Presentation on theme: "Causes of the CIVIL WAR. Name: _______________ September 2012 Period: _____________Social Studies Topic: Causes of the Civil War Aim: What events lead."— Presentation transcript:
Name: _______________ September 2012 Period: _____________Social Studies Topic: Causes of the Civil War Aim: What events lead to the Civil War? Homework: Choose one of the issues from today’s presentation. Pretend you were there to witness that incident. Write a letter to a friend describing the event in detail and giving your views of the event and the state of the Union. For a real challenge…write from a southerner’s point of view. (at least 10 sentences) Do Now: Answer in one paragraph Explain how the Missouri Compromise was just a temporary solution to the issue of slavery. Give examples.
Missouri Compromise of 1820 Missouri and Maine both apply for statehood in 1820. The North and the South want to maintain the balance of power between free states and slave states. A compromise is reached making Maine a free state and Missouri a slave state. An imaginary line set at 36 30’ was drawn across the Louisiana purchase. North of that line, slavery was to be banned forever, except in Missouri. South of that line, slaveholding was permitted.
Nat Turner’s Rebellion In 1831 a slave named Nat Turner and six fellow slaves launched a slave rebellion. They killed 57 whites before Turner was captured and executed. As a result of this rebellion: Southerners tightened restrictions on slaves. Southerners lashed out at abolitionists, blaming them for Turner’s actions.
Compromise of 1850 When California applied for statehood, the balance between free states and slave states was once again threatened. Henry Clay proposed the Compromise of 1850 which stated: California would enter the Union as a free state. Slavery would be decided by popular sovereignty in the Utah and New Mexico Territories. The slave trade would be banned in Washington D.C. but slavery was still permitted. A more strict fugitive slave law was put into effect.
Fugitive Slave Law of 1850 Required all citizens to aid (help) in the capture of runaway slaves. Any person caught helping a fugitive slave could be fined a $1,000 dollars and put in jail for 6 months. Northerners, especially abolitionists strongly opposed (against) the Fugitive Slave Law of 1850.
Uncle Tom’s Cabin In 1852, Harriet Beecher Stowe published a novel called Uncle Tom’s Cabin The book showed Americans the evils of slavery. Many join the abolitionist cause as a result of the book.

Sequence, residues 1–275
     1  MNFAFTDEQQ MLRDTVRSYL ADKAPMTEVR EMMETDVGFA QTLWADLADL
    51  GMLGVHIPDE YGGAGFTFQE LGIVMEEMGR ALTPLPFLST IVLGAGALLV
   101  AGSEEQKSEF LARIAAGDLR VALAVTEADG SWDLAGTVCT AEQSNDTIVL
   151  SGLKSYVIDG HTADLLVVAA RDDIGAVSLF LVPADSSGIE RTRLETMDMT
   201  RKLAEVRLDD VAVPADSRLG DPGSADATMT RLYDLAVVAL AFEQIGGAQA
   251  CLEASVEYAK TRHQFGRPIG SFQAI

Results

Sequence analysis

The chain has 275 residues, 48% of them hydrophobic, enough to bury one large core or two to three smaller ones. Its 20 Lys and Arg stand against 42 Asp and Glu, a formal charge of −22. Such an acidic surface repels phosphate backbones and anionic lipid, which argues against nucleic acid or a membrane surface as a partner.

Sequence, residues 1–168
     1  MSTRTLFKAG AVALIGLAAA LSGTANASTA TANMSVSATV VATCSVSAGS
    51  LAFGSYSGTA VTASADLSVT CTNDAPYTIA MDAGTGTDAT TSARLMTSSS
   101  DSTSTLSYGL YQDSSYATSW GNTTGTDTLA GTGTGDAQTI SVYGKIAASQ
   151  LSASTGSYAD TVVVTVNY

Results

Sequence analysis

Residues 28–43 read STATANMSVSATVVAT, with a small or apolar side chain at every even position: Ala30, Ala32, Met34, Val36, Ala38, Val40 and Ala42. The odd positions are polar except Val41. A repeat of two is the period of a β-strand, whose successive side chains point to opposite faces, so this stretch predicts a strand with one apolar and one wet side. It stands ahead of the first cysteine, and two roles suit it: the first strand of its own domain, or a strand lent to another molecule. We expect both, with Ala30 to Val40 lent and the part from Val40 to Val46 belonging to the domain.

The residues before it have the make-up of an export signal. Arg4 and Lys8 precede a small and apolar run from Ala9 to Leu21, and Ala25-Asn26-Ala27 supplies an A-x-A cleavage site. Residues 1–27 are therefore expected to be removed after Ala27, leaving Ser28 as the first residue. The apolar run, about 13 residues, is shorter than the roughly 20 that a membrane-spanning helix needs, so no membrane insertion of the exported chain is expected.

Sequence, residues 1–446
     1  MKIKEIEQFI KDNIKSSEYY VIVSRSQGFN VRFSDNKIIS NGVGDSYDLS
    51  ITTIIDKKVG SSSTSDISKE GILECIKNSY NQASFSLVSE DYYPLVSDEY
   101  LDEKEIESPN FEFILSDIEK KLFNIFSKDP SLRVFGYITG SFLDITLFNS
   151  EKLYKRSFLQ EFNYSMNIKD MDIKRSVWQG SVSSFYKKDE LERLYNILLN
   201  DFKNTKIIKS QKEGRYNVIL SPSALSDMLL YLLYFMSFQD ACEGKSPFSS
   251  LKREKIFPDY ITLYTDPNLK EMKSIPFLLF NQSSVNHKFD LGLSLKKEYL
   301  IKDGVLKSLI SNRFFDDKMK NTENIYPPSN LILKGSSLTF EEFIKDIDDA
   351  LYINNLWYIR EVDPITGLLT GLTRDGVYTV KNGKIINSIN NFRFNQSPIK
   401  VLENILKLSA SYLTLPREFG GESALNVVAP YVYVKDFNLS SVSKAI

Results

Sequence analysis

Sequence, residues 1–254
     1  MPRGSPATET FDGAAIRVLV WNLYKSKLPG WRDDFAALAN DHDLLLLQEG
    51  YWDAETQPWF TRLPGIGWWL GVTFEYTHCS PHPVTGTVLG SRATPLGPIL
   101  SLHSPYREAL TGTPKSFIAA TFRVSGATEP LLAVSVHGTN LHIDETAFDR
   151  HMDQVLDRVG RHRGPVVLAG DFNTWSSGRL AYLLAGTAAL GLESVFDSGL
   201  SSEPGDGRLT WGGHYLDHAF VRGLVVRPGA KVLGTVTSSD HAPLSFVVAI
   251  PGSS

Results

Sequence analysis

Kansas Nebraska Act/ BLEEDING KANSAS This plan by Stephen Douglas was to split the rest of the Louisiana Purchase into 2 territories: Kansas and Nebraska. These territories would decide the question of slavery by popular sovereignty. Many slave owners from Missouri and other slave states crossed into Kansas to vote illegally. Pro-slavery and anti-slavery groups clash in what becomes known as bleeding Kansas.
The Dred Scott Decision Dred Scott, a slave from Missouri, traveled with his owner to Illinois (a free state) In 1846 he sued for his freedom claiming that living in Illinois for a time had made him a free man. Supreme Court ruled that: Blacks were not citizens and could not sue in court. Scott was someone’s property and could not be freed.
The Lincoln-Douglas Debates Newcomer Abraham Lincoln runs for Senate against incumbent Stephen Douglas. Lincoln challenged him to a number of debates, most of which focused on slavery. Lincoln argued that slavery was wrong and should not be allowed to expand. Douglas accused Lincoln of trying to abolish slavery. “Mr. Lincoln thinks the negro is his brother.” Lincoln lost this election but gained much popularity.
Abolitionist John Brown planned to start a slave uprising. Brown’s group of 20 men took over the Federal Arsenal at Harper’s Ferry, Virginia. Brown sent some of his men to recruit slaves to join the raid… No one came. Federal troops arrived and took back the arsenal, killing or capturing John Brown’s gang. John Brown was found guilty of treason (betrayal) and was executed. Many northerners considered him a hero who died for the freedom of the slaves.
Lincoln’s Election Abraham Lincoln ran for president in 1860 against Northern Democrat Douglas and Southern Democrat Breckinridge. Lincoln won without carrying a single Southern state. The south was afraid that once in power, Lincoln would try to abolish slavery. Lincoln insisted he would not change slavery in the south though he did say that slavery would have to end at some point. 4 days after the election, South Carolina’s legislature met to discuss and carry out their secession. By February 1, 1861, Mississippi, Florida, Alabama, Georgia, Louisiana, and Texas had also seceded from the Union.